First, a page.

Marine conservation in Madagascar

“Spend between three and twelve weeks as a marine conservation volunteer, diving, collecting data and supporting community initiatives in a patch of Madagascan paradise. ”


Pre-expedition overland tour from Antananarivo to Toliara | Live at expedition base at Andavadoaka | Intensive scientific and dive training programme | Dive surveys and community work

Description of Marine conservation in Madagascar

This marine conservation holiday in Madagascar is an opportunity to work on conservation and research projects with an award winning volunteer organisation, based at a remote and beautiful research centre in Andavadoaka, south-west Madagascar for between three and twelve weeks.

Andavadoaka is accessible only from the sea or via winding and narrow sand tracks. The journey there is slow, but varied and beautiful, twisting through the globally unique spiny Mikea forest before passing empty white beaches with an unbroken line of fringing and barrier coral reefs visible just offshore. In Andavadoaka you will stay in comfortable self-contained wooden eco-cabins situated on a coral outcrop overlooking white sandy beaches and the blue lagoon beyond.

In a region where people are reliant on the health of the ocean, marine conservation is a priority. By joining this project as an expedition volunteer you will contribute to research that guides local management plans and local understanding of the status of marine resources. Expedition volunteers receive marine ecology training through lectures, workshops and in-water activities. You will be diving and collecting data five days a week, living and working alongside the traditional fishing community, and playing a direct role in supporting local conservation and community development initiatives.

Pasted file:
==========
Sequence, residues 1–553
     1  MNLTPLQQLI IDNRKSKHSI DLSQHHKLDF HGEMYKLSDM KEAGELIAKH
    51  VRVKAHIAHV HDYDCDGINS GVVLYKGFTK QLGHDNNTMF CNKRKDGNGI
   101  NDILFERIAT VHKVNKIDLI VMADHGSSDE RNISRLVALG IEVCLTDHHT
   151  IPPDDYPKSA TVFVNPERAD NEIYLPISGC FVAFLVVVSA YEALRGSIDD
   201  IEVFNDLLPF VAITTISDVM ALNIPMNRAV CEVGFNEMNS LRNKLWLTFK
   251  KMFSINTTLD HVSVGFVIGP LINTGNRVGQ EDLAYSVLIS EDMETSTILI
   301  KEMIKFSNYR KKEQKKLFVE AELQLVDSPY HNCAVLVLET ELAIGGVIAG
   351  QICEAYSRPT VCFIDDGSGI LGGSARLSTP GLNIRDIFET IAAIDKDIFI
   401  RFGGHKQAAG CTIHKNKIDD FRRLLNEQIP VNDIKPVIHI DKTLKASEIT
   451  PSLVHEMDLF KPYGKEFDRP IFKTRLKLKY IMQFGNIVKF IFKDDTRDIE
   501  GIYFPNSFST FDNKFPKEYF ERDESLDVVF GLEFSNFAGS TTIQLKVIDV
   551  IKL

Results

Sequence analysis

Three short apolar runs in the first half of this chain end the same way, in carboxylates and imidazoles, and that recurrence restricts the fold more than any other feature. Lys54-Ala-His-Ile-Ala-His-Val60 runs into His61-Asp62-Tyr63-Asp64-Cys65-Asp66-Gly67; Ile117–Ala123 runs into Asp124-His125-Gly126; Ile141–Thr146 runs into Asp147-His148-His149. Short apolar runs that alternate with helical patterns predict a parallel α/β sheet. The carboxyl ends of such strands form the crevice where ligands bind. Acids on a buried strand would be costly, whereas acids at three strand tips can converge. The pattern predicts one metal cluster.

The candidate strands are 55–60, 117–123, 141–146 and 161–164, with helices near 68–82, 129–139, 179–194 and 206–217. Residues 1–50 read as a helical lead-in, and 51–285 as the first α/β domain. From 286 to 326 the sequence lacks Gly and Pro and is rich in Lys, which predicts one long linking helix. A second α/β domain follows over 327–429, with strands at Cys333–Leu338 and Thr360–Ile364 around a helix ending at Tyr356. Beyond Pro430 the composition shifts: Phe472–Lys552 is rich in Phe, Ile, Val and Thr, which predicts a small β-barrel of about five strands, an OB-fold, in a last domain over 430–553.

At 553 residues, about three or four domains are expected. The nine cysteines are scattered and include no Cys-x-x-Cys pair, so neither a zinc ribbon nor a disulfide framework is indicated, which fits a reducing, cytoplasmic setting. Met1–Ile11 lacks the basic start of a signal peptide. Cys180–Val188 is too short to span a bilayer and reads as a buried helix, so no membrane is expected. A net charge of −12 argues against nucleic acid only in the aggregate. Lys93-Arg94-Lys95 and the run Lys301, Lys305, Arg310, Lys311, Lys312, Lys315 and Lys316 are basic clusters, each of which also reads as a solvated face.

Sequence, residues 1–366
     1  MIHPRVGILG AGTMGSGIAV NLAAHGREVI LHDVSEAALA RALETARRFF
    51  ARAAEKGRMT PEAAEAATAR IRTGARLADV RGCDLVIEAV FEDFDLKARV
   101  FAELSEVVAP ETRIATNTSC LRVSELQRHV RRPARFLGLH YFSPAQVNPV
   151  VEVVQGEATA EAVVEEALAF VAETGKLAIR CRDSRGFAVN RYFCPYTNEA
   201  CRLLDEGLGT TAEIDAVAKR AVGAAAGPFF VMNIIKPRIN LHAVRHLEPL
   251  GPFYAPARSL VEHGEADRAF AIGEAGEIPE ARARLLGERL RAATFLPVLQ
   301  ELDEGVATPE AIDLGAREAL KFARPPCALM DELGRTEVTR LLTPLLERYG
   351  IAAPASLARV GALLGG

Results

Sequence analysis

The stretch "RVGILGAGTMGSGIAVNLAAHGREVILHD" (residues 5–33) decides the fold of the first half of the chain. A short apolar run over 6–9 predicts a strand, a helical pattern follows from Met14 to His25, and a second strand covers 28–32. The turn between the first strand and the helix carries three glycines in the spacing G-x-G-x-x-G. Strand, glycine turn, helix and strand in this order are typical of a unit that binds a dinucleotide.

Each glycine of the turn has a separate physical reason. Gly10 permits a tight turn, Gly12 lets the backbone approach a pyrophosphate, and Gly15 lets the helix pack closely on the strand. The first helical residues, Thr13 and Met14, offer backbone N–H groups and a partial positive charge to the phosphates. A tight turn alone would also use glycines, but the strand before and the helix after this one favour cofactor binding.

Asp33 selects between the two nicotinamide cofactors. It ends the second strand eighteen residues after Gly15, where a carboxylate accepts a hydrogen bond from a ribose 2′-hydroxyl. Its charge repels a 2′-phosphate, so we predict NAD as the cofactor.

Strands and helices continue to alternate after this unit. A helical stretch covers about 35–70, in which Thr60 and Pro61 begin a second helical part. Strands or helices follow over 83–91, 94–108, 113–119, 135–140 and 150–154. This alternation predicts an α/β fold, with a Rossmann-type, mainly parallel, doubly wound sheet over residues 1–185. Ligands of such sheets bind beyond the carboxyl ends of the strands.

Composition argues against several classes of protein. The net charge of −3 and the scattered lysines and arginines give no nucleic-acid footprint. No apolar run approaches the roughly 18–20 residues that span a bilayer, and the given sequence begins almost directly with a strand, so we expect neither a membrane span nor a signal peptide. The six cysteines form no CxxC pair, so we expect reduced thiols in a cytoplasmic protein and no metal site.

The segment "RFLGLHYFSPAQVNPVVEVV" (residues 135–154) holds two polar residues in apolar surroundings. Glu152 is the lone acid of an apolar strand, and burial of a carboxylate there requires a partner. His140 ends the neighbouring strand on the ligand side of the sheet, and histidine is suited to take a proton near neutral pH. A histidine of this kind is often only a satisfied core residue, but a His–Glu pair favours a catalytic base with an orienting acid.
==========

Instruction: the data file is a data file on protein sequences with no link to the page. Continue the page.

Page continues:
Travel Team

If you'd like to chat about this holiday or need help finding one we're very happy to help. The Travel Team.

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Holiday type

Volunteer travel - what's it all about

Are you looking for an adventurous trip with a purpose, or on a gap year or career break? If you want to make a difference in some of the world’s most important conservation areas - and in community projects - then volunteer trips are for you! Volunteers tend to have a sense of adventure, and come from a range of different backgrounds and from all over the world.
Edward Abbey said 'sentiment without action is the ruin of the soul'.

Responsible tourism

As the pioneers of responsible tourism, we screen every trip so you can travel knowing your holiday will help support conservation and local people.

The south west coast of Madagascar is home to some of the most biologically diverse and yet least explored marine systems on earth. The local community relies on these systems for food, transport, cultural identity and income. But these habitats face growing threats from pollution, physical degradation and overexploitation of marine resources. Through regular and continued data collection, carried out by field scientists and volunteers, sustainable local environmental management plans are created and the effectiveness of conservation strategies aiming at maintaining the biological diversity and productivity of the reefs are monitored.